Monday, July 07, 2008

the study of the human condition

Questions posed in humanities classes are often too broad, and yet "important": what is the good? How does the good obtain? What is love? What does it mean to love?

Recent conversations with a political philosopher friend has made me realize how much, how often, and how deeply I have thought about such questions. Hard to believe, but some never really think about such questions, nor define the answers to themselves. I like to think about such questions. Whenever I read a book, I do not just absorb the story, but also the deeper themes. What did this book say about life? What does the butler Stevens, in The Remains of the Day, tell me about a life lived without love or risk? Why does Tom Waits' Martha sound different to me now than it did in 1997, before I had my heart broken the first time by my first love?

I think about these things. Always in a very limited way, I grant you. And often, very emo. During the trying times of my life (and I have had plenty, and no, not just stupid teenage shit) was I studying the human condition by listening to pop music on repeat, or by reading poetry and literature, or by reading philosophy? Yes, I would argue, vehemently. True, the inward focus that accompanied this excavation of "what is love" meant that I was tending to my personal condition as much as studying the "human condition." But because I never really wrote about my feelings, or experiences (this is as close to a diary as I'll ever get, and I leave out a hell of a lot), I think that I mostly externalized such questions. Who was Laura, and what did she mean to Petrarch? Why did the sparrow mean almost as much to Catullus as Lesbia? I asked myself, at the age of eleven, why did Emma Bovary kill herself? You know, I still don't know, and I don't know anything.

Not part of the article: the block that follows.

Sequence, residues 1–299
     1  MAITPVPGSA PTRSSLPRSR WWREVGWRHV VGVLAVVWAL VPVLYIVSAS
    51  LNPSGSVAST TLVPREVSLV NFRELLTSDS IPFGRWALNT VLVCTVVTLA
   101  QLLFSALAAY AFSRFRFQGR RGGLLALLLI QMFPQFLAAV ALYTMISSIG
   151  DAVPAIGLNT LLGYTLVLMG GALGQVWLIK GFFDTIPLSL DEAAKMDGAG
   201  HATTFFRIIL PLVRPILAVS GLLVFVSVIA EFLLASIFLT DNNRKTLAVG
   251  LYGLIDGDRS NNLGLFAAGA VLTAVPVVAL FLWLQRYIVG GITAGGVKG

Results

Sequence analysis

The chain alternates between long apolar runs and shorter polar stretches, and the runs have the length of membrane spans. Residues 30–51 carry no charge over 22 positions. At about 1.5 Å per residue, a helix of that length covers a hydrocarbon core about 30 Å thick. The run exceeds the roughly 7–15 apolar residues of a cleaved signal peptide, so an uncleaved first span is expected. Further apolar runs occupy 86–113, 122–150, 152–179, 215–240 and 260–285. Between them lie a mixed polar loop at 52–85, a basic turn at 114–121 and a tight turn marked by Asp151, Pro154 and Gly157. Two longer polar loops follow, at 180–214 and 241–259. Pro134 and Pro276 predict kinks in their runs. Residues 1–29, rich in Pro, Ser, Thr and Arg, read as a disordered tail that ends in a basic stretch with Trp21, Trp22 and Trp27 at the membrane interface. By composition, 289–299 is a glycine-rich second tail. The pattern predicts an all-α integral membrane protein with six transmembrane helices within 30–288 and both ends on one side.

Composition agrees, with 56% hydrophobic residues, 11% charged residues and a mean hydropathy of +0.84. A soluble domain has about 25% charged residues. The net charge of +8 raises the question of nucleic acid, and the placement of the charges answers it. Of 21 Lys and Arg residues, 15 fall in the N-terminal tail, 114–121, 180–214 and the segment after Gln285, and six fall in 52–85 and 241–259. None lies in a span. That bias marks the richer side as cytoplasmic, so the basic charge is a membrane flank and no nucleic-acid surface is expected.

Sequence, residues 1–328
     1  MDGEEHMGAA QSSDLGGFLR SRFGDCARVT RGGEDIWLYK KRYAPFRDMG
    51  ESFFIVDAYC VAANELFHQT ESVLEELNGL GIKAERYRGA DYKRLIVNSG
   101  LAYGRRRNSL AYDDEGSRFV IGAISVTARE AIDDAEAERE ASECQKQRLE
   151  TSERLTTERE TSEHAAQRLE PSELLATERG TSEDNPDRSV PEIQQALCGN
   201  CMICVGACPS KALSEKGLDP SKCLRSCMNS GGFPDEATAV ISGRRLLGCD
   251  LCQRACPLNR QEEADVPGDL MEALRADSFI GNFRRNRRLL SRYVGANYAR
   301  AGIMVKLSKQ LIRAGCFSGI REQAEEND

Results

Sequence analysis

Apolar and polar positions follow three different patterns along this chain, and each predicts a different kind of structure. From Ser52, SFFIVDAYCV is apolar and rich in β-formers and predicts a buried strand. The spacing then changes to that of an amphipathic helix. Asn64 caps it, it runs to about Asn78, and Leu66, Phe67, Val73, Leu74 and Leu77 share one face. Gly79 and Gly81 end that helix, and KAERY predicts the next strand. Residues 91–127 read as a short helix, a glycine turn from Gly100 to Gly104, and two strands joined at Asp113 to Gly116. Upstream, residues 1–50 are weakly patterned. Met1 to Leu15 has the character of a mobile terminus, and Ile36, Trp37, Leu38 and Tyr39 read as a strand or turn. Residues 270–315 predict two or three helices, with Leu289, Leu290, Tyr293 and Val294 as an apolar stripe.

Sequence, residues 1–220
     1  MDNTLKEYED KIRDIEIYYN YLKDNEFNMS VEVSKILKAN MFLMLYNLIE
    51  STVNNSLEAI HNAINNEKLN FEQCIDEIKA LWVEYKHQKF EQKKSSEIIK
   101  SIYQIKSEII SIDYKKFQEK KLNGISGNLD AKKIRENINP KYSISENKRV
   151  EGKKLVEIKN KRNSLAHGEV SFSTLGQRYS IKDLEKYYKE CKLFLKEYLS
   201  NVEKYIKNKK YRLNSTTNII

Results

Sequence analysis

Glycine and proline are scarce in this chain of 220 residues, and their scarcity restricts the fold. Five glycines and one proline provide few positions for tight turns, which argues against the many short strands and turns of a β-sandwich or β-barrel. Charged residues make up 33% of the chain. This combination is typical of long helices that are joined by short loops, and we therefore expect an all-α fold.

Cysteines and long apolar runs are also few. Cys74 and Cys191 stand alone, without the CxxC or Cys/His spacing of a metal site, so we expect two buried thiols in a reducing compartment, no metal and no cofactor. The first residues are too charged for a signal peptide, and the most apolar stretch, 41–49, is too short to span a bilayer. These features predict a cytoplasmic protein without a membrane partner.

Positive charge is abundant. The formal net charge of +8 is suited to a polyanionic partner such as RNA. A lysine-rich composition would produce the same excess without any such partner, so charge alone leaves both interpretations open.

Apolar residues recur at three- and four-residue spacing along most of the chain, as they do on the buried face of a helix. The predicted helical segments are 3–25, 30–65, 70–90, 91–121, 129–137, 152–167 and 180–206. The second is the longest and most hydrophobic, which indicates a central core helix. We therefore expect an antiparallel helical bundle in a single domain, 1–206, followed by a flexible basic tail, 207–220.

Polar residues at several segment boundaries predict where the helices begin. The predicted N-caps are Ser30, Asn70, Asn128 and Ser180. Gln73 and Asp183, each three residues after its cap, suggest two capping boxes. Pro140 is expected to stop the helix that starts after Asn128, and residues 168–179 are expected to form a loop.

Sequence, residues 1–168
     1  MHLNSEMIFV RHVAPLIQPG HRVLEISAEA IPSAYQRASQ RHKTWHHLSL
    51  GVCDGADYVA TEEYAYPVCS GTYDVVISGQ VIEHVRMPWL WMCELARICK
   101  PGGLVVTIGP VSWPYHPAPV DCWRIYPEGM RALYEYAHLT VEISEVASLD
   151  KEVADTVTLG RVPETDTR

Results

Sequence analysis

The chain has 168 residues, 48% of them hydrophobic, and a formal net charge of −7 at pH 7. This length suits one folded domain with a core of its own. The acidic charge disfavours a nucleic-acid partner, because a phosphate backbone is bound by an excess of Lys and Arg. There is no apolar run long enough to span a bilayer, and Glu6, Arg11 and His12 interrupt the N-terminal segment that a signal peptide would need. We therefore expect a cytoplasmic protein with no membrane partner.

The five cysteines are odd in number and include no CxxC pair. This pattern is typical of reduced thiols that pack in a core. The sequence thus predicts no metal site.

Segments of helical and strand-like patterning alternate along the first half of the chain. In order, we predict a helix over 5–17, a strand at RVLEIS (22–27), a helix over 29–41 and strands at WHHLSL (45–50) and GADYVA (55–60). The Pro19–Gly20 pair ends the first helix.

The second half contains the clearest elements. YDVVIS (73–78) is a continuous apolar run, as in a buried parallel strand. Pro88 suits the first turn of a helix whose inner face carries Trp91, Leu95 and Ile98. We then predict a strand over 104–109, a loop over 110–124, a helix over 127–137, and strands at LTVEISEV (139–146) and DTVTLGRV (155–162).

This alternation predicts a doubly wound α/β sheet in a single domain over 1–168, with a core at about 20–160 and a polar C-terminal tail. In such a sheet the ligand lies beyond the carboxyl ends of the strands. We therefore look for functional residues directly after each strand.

But it is not like the only thing I have ever done in life was listen to music or read literature and philosophy. Well, maybe last week that was the only thing I did, but that's a relative aberration. While I have always been a student of the humanities, I have also been a student of politics, of law, sociology, and on occasion, psychology. Do not the other disciplines address the "big," "important" questions? Or are the questions so specific as to no longer be fundamental? Does the law ask "what is justice?", or is it so instrumentalist in its definition and too focused on its implementation as to ignore the epistemic quandary of the question? Do sociologists study humanity, or merely humans and their interaction? Do political scientists study only the rules that humans make and the organizing principles of their collective interaction rather than the question of what it means to be a human in a rule-bound society? Is it the case that psychologists, in focusing on the internal processes of humans as micro-interactions, neglect the study of the essential human character?

I propose a project for myself, and my readers. Most of you are law-type people. Let us see what our discipline and profession can say about such questions. Let us be interdisciplinary and reach out to other schools of thought and see what they have to say about this. Not that literature and poetry and music and art are not valuable for such a study. But in times of reflection, I wonder that I immediately go to them rather than the other tools at my disposal. Why, if I want to say what I feel, I wish to refer someone to a certain passage of a book, a particular poem, or the lyrics of a song? Why can't I make some sort of comparable metaphor in law, sociology, or economics? (At least without sounding stupid, and if you say "Sun Tzu's Art of War explains everything I will hit you.)

So, I have on my bookshelf The Concept of Law. Why not, The Concept of Love, or The Concept of Life? Let us think, and think aloud about these questions.

So, first part of the project: why literature? Why is this blog called Law and Letters? What was all the hubbub about law and literature, and why did this particular area of scholarship seem so natural (Kafka, Plato, Doestoevsky, etc. etc.), why was it so flawed, and is there any place for it now? Does it say anything original about the human condition that literary theory, separately, or legal philosophy, separately, does not already say in a more coherent, persuasive manner?

This part will come much later, probably, because there's a lot of reading I have to do to get to a place where I can say anything intelligible about it. The study of the human condition takes a while.


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